Another common cause of late-term calf abortions, Dr. Hanzlicek said, is infectious bovine rhinotracheitis, or IBR, a highly contagious virus that can affect both the respiratory and reproductive systems in cattle. IBR can cause respiratory disease or various reproductive problems, including infertility, birth defects and abortion.
If IBR is determined to be the cause of an abortion storm, there is not much a producer can do during the current calving season. He or she should formulate a plan to avoid the problem next year.
"It's important that if it is diagnosed in the herd – or even if it isn't – that a producer sit down with a veterinarian to help design a vaccination program that is going to help protect that herd against IBR abortions," Dr. Hanzlicek said.
Another virus, bovine viral diarrhea, can cause a calf to be aborted or have various anatomical defects depending on the stage of gestation the dam becomes infected. If BVD is determined to be the cause of an abortion, a situation similar to how IBR is handled is necessary – a producer can do little during the current calving season, but a vaccination program should be set up to prevent the issue in the future.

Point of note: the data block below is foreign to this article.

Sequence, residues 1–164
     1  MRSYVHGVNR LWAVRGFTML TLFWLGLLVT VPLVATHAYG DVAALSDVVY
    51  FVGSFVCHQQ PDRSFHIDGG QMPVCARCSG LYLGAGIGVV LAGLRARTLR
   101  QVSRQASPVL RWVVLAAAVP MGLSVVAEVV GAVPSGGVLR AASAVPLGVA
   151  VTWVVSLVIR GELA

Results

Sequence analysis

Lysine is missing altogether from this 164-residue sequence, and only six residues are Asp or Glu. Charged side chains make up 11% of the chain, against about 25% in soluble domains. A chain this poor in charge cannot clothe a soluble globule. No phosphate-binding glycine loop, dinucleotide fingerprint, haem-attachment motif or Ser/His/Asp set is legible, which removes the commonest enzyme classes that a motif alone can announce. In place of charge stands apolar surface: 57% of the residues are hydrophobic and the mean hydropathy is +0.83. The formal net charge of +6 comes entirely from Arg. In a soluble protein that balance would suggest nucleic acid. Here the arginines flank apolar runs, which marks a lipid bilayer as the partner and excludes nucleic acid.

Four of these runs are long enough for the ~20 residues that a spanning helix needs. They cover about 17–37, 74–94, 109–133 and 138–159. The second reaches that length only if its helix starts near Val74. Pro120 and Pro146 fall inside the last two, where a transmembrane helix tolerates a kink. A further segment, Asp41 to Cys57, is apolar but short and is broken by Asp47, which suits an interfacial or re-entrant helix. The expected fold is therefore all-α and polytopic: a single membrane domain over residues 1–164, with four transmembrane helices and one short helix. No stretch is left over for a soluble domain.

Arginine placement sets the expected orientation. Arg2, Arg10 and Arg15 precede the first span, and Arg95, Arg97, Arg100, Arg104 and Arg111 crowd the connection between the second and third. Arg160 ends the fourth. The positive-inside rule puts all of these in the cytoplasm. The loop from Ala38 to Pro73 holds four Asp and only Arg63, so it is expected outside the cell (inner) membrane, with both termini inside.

He recommends that producers test the herd to find carriers of BVD; without eliminating the carrier animals, any control program's success is unlikely.
Some factors that cause late-term abortions are random and difficult to predict or prevent, Dr. Hanzlicek said. Sometimes a fetus will develop a congenital defect – an anatomical abnormality that occurs by chance – and the result is a calf that is stillborn or is aborted. In addition, various environmental bacteria can infect a fetus and cause a late-term abortion.
"Typically when we diagnose the environmental bacteria as the cause, they're not abortion storms,"Dr. Hanzlicek said. "They're one or two abortions in the herd. These are bacteria naturally found in the environment on all operations that the cow or heifer are exposed to, but for whatever reason that bacteria gets in the bloodstream, crosses the placenta and causes damage to the fetus."
Sudden-death calf losses
In some cases, sudden-death calf losses occur, which means a calf is born alive but is found dead within a few hours or days. According to Hanzlicek, in 2015, multiple cases submitted to the KSVDL were found with toxic levels of copper and/or selenium in calf's liver.
"In all these cases, there was also a history of the producer injecting the calves with one injection or multiple injections of one of the commercially available injectable minerals," Dr. Hanzlicek said."
Although there was one case where a producer did not follow the labeled directions and administered too much of the product to the calves, he said that in several cases the dosage was reported to have been followed correctly.